In its new book, Empirical Challenges in Pharma Litigation*, OnPoint’s pharmaceuticals team distills a deep well of pharmaceutical industry knowledge down to its most useful and interesting elements.
For 14 years, OnPoint has provided expert analysis and testimony for some of the most complex and groundbreaking pharmaceuticals lawsuits. These cases run the gamut from antitrust, to patent infringement, to breach of contractual commitments, to alleged fraud on the market. OnPoint’s success in this field depends on a deep knowledge of pharmaceutical markets, the laws and regulations that shape them, and the complex universe of data sources that can be used to analyze them.
The first chapter describes the many sources of pharmaceutical data. It includes sections on proprietary data collected by drug manufacturers, pharmacies, and prescription drug plans, as well as data collected by the FDA. It also includes a section on the myriad offerings of third-party data vendors, including data on sales, prices, drug uses by diagnosis, pharmaceutical promotion, and formulary status. The chapter compares the pros and cons of different data sources and highlights special considerations for working with particular datasets.
Chapter 2 explores the two major laws regulating the FDA’s approval of new drugs: Hatch-Waxman, which covers brand and generic small-molecule drugs, and the Biologics Price Competition and Innovation Act (BPCIA), which covers biologics and biosimilars. This chapter summarizes the provisions of the two acts and compares the ways that each law facilitates price competition while protecting patent rights and rewarding innovation.
Chapter 3 discusses a common dispute in pharmaceutical patent litigation: whether the claimed invention was “obvious,” and therefore not patentable. This chapter summarizes the “objective considerations” used to evaluate obviousness, with special attention given to two of those considerations that are commonly litigated using the types of pharmaceutical data detailed in Chapter 1 of this book: commercial success and long-felt need.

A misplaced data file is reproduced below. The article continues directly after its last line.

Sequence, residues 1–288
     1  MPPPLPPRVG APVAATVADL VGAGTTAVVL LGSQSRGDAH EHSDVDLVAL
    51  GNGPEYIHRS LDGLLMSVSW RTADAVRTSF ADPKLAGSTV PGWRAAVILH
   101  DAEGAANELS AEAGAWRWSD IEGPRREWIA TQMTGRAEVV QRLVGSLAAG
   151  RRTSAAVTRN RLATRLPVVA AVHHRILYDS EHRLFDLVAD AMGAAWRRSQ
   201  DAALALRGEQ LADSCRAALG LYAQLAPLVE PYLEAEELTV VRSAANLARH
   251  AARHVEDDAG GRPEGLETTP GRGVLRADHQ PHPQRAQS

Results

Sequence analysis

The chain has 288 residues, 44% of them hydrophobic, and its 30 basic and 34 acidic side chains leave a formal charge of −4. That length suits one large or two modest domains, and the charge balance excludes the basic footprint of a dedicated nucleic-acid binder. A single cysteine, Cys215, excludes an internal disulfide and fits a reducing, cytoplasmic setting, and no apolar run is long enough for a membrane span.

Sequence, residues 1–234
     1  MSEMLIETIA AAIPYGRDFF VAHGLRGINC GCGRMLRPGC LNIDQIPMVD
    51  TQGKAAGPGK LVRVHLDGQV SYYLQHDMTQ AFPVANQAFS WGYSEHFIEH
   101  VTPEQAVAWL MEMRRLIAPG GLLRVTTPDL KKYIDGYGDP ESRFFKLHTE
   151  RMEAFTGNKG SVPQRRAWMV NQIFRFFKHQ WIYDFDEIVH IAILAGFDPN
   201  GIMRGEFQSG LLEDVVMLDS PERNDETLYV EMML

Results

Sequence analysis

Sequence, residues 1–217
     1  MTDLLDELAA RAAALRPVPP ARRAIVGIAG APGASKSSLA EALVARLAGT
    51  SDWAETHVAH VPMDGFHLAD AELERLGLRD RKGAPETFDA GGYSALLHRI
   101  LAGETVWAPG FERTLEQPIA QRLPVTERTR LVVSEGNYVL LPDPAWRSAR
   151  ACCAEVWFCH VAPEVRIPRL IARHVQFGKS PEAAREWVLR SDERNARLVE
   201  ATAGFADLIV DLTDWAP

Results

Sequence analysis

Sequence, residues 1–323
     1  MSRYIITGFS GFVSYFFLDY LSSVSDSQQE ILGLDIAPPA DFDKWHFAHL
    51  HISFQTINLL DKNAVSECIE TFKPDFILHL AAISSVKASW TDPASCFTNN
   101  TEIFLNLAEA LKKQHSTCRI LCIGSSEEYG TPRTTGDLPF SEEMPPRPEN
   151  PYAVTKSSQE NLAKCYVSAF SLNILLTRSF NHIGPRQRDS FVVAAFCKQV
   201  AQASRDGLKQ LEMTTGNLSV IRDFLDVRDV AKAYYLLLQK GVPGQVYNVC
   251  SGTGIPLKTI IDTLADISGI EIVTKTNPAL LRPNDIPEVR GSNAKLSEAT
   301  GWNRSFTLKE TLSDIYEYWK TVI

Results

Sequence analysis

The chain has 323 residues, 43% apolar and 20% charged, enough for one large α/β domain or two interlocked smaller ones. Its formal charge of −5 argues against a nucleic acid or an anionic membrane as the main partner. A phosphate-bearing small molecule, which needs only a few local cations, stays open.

Chapter 4 reviews the case law related to the calculation of damages in pharmaceutical patent litigation, including the two major approaches: lost profits and reasonable royalties. It explains the Panduit Factors, the Georgia-Pacific Factors, and key legal concepts such as the “entire market rule.”
Chapters 5, 6, and 7 constitute a nuts-and-bolts handbook providing practical examples of the use of particular types of pharmaceutical data to address specific litigation challenges. Chapter 5 explores the use of third-party-supplied data, Chapter 6 explores the use of proprietary data, and Chapter 7 illustrates the use of pharmaceutical data in antitrust litigation.
Finally, Chapter 8 places the U.S. pharmaceutical market in the context of the rest of the world. It offers a geographic overview of the global pharmaceutical industry, mapping out the spatial distribution of pharmaceutical consumption and production and tracing the networks created by exports, imports, outsourcing, and offshoring. It also draws country-by-country comparisons of intellectual property protections, marketing approval processes, and pricing regulations.
This richly informative book is a source of invaluable background knowledge for attorneys and others working in the pharmaceutical space. And it is a clear map of the complicated terrain of empirical analysis for pharmaceutical litigation.
* Empirical Challenges in Pharma Litigation, by Laura Craft, Marty Kovach, Chandra Wallace, and Claudia Cortez (OnPoint Analytics 2017). For copies contact OnPoint at email@example.com.